What is Diabetic Retinopathy?

Diabetes mellitus causes high blood sugar to circulate in the body. The blood with high blood sugar content is very thick and acts like sludge. Very small, fragile blood vessels in the kidneys, heart, and eyes can become damaged and leaky from progressive damage and become very poor at delivering the required nutrients that the body needs, including oxygen. When the retinal tissue is deprived of oxygen, because the small vessels are not working properly, it "cries out" for help. First, there are signs of small blood spots where blood has leaked out of small, damaged blood vessels. Some areas of the retina can become starved of oxygen to the point of dying, and cause small white spots called "cotton wool spots" that are visible on examination of the retina. These changes are called "background or non-proliferative" diabetic retinopathy. These changes are a warning sign that things are getting worse and the diabetes must be controlled before more devastating problems arise.

Non-proliferative Diabetic Retinopathy (NPDR)

Non-proliferative Diabetic Retinopathy (NPDR) patients may lose vision from "macular edema". This is a swelling of the macula, the central retina that gives us our reading vision. This swelling happens when the small blood vessels leak because they have become damaged from chronic high blood sugar. A retina specialist generally treats diabetic macular edema with laser and/or injected medications. If you are diagnosed with diabetic macular edema, you will promptly be referred to a retina specialist for evaluation and treatment.

Proliferative Diabetic Retinopathy (PDR)

Proliferative Diabetic Retinopathy (PDR) develops when diabetic retinopathy gets worse, and the retina is crying out for oxygen. New blood vessels may start forming or proliferating inside the eye, on the retina in a desperate attempt to get more oxygen. Unfortunately, these new blood vessels can cause a lot of problems, including bleeding inside the eye, retinal detachments, and a type of glaucoma (called neovascular glaucoma). Once new blood vessels start forming, you will need to be referred to a retina specialist to review options for treatment, which may include laser, anti-VEGF injections to stop the growth of new blood fragile vessels, and/or possibly surgery.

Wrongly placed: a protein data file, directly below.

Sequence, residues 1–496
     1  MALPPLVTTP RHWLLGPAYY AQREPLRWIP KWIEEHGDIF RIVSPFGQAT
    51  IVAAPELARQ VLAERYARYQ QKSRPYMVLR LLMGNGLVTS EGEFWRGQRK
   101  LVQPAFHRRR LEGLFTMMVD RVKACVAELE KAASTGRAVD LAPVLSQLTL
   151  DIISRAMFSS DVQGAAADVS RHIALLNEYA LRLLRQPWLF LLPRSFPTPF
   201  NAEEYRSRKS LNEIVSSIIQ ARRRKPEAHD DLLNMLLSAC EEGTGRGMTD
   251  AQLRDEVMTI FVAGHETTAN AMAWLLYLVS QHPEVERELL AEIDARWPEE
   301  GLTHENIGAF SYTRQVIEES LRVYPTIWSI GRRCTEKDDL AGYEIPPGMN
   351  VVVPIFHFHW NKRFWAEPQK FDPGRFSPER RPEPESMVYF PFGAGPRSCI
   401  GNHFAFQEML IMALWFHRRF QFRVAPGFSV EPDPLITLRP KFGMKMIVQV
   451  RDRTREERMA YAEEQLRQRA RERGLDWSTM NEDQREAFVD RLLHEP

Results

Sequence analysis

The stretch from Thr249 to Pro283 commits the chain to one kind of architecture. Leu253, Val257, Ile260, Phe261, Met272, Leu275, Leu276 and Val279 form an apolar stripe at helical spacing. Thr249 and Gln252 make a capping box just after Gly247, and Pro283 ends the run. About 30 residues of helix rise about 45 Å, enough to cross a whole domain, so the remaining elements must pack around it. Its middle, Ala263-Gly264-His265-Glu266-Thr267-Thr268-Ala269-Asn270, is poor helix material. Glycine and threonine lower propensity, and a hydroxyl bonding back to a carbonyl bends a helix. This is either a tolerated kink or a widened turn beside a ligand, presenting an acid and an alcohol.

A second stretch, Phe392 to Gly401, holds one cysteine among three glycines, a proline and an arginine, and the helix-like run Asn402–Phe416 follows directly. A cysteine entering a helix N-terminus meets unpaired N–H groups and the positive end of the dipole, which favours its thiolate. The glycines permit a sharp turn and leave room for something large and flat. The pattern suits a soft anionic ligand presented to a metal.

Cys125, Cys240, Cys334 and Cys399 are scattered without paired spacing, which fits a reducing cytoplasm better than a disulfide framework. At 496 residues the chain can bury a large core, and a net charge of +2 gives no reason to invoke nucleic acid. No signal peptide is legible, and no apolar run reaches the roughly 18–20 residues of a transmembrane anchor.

Is this treatment available at GEM Clinic?

Anti-VEGF injections and laser for diabetic retinopathy are performed by a retina specialist. These treatments are not available at GEM Clinic. However, GEM Clinic doctors are experienced in the medical and surgical management of neovascular glaucoma, which can develop from retinal problems like diabetic retinopathy. Depending on your condition, you may need to maintain follow-up appointments with both your retina specialist and your glaucoma specialist at GEM Clinic to ensure that your disease is well-controlled.

What can I do to help treat my diabetic eye disease?

By working together as a team, you as the patient being the key part of this team, every effort will be made to control your diabetic eye disease. Ultimately, the best form of treatment for any disease is prevention. For diabetic problems, maintaining normal blood sugar levels with regular monitoring and medication, and following a proper diabetic diet are very important ways of preventing the disease from getting worse. Regular exercise and weight loss are also important ways of controlling adult diabetes (type II). If you are also a smoker, quitting smoking is strongly advised and integral to optimizing the circulation of oxygen throughout your body.

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